Dear fellow travellers
It was only after the old man had beaten us both at chess that he opened the worn leather satchel. He carefully took out a small bundle of papers. Removing the twine that gave the pile of documents some structure, he showed us fragments of his life - among the papers a letter from his grandmother. It had been posted to the family home in Volhynia and relayed that the writer had found a place to stay in the Kleine Schiffgasse in the Leopoldstadt district of Vienna and was looking for work. The letter was written in 1909, long before Yitzhak was born. Those were the last words that anyone in Volhynia ever heard from the woman who had one day packed her bag, left her family and the shtetl where she had spent her entire life to set off for Vienna.
Intrigued by the tale, we found out a little about the street where Yitzhak's grandmother had settled in Vienna. The name of the road has long since changed. It is Franz-Hochedlinger-Gasse nowadays. A century ago this street was in the very heart of Vienna's Jewish district, an area that the writer Joseph Roth described as being "a sort of voluntary ghetto." Roth actually gave an evocative account of Kleine Schiffgasse in his book The Wandering Jews: "The Kleine Schiffgasse smells of onions and kerosene, herrings and soap, dishwater and rubbish, petroleum and cooking, mold and delicatessen. Dirty children play in the Kleine Schiffgasse. Carpets are beaten and featherbeds aired in its open windows. Goosedown drifts in the air."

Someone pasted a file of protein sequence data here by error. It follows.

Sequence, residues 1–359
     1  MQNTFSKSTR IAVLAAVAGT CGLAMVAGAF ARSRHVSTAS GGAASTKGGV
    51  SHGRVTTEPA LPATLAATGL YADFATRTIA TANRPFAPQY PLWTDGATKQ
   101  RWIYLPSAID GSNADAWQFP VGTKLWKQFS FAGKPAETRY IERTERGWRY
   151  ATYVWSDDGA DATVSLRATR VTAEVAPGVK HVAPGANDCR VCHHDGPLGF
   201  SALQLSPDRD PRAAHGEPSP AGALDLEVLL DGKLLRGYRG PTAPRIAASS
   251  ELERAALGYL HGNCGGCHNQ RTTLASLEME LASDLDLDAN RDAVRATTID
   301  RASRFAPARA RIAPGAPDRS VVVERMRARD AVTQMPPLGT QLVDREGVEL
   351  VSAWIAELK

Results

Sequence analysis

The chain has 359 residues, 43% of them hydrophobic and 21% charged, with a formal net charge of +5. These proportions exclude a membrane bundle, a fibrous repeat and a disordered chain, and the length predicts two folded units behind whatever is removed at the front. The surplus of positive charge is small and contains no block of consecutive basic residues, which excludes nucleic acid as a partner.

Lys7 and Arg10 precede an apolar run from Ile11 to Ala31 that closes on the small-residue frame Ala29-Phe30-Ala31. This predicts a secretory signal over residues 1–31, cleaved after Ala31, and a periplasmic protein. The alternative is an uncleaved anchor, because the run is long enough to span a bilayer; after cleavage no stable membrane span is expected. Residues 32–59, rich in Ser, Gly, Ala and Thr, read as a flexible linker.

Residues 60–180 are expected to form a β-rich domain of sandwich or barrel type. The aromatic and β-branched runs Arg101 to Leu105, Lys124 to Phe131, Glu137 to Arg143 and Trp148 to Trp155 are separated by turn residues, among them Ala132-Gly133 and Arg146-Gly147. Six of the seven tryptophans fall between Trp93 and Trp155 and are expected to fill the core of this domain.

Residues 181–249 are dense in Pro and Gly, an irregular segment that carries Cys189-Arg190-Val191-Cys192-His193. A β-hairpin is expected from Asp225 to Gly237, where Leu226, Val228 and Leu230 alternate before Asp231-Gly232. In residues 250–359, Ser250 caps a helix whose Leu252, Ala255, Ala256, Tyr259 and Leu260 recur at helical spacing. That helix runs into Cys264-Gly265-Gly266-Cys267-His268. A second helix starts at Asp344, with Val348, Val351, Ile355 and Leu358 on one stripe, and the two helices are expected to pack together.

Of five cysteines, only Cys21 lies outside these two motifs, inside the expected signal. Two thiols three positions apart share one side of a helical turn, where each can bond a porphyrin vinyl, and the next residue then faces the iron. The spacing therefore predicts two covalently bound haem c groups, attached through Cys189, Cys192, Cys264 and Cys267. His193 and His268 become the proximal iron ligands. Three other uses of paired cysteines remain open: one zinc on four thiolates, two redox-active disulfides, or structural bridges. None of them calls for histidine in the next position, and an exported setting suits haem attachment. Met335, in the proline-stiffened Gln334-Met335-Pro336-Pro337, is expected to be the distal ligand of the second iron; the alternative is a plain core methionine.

The Kleine Schiffgasse was evidently quite a spot, a road of small workshops and a community that echoed to Jewish voices and the clatter of sewing machines. There was a Hasidic prayer room at Number 2, and a café just along the street where the faithful gathered after prayers. So taken were we by the many accounts we read of Kleine Schiffgasse, that we stopped in Vienna a few months ago and walked across town to Leopoldstadt.
Franz-Hochedlinger-Gasse is neat and tidy nowadays. No longer do children play in the street, no more does the area smell of herrings and soap. We saw a silver Mercedes car parked outside a lawyer's office. Actually there are lots of lawyers' offices. There are IT consultancy companies and a design studio. We went to the spot where once there stood the Hasidic prayer room. Today it is a very smart Japanese restaurant.
Yitzhak asks from time to time: "Have you two been to Vienna yet?" We keep stumm. Wouldn't you?
Changes at hidden europe
We are making a few changes at hidden europe. We have revamped our website and invite you to take a look. Our new website is very much a work in progress, but we hope you'll like the new look. It is less cluttered, we think, and much easier to navigate. The introduction of a tagging system means that readers can more easily identify articles that relate to a common theme, and the search facility on the new website knocks spots off its predecessor.
Nicky Gardner and Susanne Kries
editors / hidden europe
The quote from 'The Wandering Jews 'by Joseph Roth is taken from the 2001 English edition published by Granta Books in London. Michael Hofman was the translator. It is a volume we heartily recommend.